II. THE VARIETY OF GIFTS. The apostle speaks here of the "manifold" - literally, the "variegated" or "many-colored" grace; and exhorts to variety of service based upon dissimilarity of gifts. It cannot but be that the fullness of God passing into the limits of created minds should manifest itself in an infinite variety. The light flashed at different angles from a million dewdrops twinkles and glitters from their tiny spheres in all differing tints of green and purple and gold. The unlimited variety of innumerable recipients growing in the measure of their possessions through eternity is the only adequate manifestation of the infinite God. Such variety is essential, too, to the existence of a community. "If the whole were an eye, where were the body?" The homely proverb says, "It takes all sorts to make a world." With diversity comes room for mutual help and mutual tolerance. Every man has some gift; no man has all. Therefore they are bound together by reciprocal wants and supplies, and convexities here and concavities there fit in to one another and make a solid whole. The same life works, but variously, in the different organs of the one body, so that there should be no schism in the body. This variety constitutes an imperative call to service. Each man has something which some of his brethren want.

The least flower with a brimming cup may stand,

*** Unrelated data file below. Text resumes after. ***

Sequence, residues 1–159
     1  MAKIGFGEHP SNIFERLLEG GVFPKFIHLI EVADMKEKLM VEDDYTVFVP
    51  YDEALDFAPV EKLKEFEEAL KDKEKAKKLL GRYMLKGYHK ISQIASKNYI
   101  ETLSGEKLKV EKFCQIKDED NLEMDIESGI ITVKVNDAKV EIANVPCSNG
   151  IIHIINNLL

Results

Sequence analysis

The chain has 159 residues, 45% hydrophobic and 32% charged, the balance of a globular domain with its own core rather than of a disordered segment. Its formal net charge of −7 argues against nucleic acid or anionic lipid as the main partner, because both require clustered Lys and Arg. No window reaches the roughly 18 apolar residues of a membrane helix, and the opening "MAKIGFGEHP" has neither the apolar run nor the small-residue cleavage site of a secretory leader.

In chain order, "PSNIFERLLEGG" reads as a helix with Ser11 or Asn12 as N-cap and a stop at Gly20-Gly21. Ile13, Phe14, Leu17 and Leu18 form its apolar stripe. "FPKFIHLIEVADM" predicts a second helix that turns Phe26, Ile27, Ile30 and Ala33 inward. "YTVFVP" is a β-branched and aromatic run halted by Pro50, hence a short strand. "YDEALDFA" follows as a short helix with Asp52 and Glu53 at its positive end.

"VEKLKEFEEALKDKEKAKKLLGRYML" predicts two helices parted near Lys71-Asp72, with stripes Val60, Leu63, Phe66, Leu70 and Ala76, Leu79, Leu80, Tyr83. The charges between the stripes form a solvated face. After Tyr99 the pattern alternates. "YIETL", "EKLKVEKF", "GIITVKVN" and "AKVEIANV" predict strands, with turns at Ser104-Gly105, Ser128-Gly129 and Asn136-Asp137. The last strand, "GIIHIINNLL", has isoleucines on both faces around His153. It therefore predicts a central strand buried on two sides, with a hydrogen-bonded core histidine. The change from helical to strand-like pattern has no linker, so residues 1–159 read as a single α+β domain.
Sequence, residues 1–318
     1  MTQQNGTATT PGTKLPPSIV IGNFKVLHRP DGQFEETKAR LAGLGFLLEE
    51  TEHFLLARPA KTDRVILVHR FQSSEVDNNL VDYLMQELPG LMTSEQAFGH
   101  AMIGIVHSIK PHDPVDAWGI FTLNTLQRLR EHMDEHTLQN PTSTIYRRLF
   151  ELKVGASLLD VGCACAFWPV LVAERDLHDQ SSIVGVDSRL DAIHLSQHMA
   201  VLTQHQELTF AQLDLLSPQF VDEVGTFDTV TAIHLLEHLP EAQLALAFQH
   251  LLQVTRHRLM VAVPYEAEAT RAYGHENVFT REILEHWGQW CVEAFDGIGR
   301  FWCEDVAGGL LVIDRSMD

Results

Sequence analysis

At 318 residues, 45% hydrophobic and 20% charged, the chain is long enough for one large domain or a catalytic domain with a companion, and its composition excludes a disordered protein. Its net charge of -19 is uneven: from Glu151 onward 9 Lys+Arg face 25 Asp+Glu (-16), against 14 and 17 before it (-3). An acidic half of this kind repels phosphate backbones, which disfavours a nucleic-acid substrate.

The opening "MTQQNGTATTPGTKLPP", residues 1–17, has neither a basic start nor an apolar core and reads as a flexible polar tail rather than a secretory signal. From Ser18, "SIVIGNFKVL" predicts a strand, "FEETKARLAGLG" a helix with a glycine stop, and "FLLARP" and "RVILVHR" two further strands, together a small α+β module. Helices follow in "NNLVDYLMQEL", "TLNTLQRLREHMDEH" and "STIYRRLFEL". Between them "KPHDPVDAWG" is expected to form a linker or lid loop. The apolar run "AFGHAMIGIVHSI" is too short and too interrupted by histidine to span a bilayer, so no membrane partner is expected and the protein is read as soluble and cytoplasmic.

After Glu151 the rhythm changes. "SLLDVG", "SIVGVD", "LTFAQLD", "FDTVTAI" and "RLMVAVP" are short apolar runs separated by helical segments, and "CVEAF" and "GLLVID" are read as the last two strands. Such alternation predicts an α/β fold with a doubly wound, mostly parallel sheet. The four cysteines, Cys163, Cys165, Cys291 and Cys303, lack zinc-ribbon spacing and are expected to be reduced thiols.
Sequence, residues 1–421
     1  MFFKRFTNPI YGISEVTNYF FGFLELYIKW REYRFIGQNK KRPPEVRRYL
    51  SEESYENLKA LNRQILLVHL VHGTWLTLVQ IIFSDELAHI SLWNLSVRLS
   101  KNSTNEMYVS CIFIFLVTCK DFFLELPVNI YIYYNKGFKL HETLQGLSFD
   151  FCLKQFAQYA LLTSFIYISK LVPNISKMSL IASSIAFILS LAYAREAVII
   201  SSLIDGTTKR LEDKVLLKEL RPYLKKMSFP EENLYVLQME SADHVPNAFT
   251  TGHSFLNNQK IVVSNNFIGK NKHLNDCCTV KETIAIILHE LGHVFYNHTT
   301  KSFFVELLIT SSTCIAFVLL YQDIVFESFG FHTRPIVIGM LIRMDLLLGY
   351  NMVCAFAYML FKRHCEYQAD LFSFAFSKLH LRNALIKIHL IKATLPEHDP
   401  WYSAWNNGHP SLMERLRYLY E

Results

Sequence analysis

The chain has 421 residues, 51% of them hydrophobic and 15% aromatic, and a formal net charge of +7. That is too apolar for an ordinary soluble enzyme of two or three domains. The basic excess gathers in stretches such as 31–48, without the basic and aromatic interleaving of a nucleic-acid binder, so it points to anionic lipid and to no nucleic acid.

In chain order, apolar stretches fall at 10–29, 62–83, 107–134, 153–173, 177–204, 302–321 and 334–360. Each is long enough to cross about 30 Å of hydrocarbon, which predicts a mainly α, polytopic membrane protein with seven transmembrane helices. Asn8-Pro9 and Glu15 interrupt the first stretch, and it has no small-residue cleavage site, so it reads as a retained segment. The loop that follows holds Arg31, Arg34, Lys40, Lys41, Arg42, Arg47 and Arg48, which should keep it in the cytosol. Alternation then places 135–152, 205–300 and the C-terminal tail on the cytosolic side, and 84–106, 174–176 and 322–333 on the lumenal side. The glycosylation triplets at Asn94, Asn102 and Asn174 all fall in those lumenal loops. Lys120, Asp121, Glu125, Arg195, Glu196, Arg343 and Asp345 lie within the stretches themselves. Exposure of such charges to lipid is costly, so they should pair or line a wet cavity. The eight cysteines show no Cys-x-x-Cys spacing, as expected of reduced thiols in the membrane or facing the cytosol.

And share its dewdrop with another near." The concert will not be complete, though the roll of the great ocean of praise that surges round the throne be as the noise of many waters, without the tinkle of the little rill of my praise. And some poor soul, which God meant to go shares with me, will have to starve if I do not part my portion among the needy. It constitutes, too, an authoritative prescription of the manner of service. "As every one hath received, so minister the same. I)o net minister anything else, but that very thing which you have received. God shows you what he intends you to do by what he gives you. Do not copy other people; do not try to be anybody else. Be true to yourself. If your gifts impel you to a special mode of service, follow them. Find out what you are fit for, and do it in your own fashion. Take your directions at first hand from God, and don't spoil your own little gift by trying to bend it into the shape of somebody else's. Flutes cannot be made to sound like drums. Be content to give out your own note, and leave the care of the harmony to God. And, on the other hand, beware of interfering with your brother's equal liberty. Do not hastily condemn modes of action because they are not yours. A Salvation Army captain and a philosophical theologian may not understand each other's dialect; but there is room for them both, and they should not hinder each other. There are many vessels of different materials and shapes for different uses in Christ's great house. The widest tolerance of the diversities of operation is the truest recognition of the one Spirit which worketh all in all.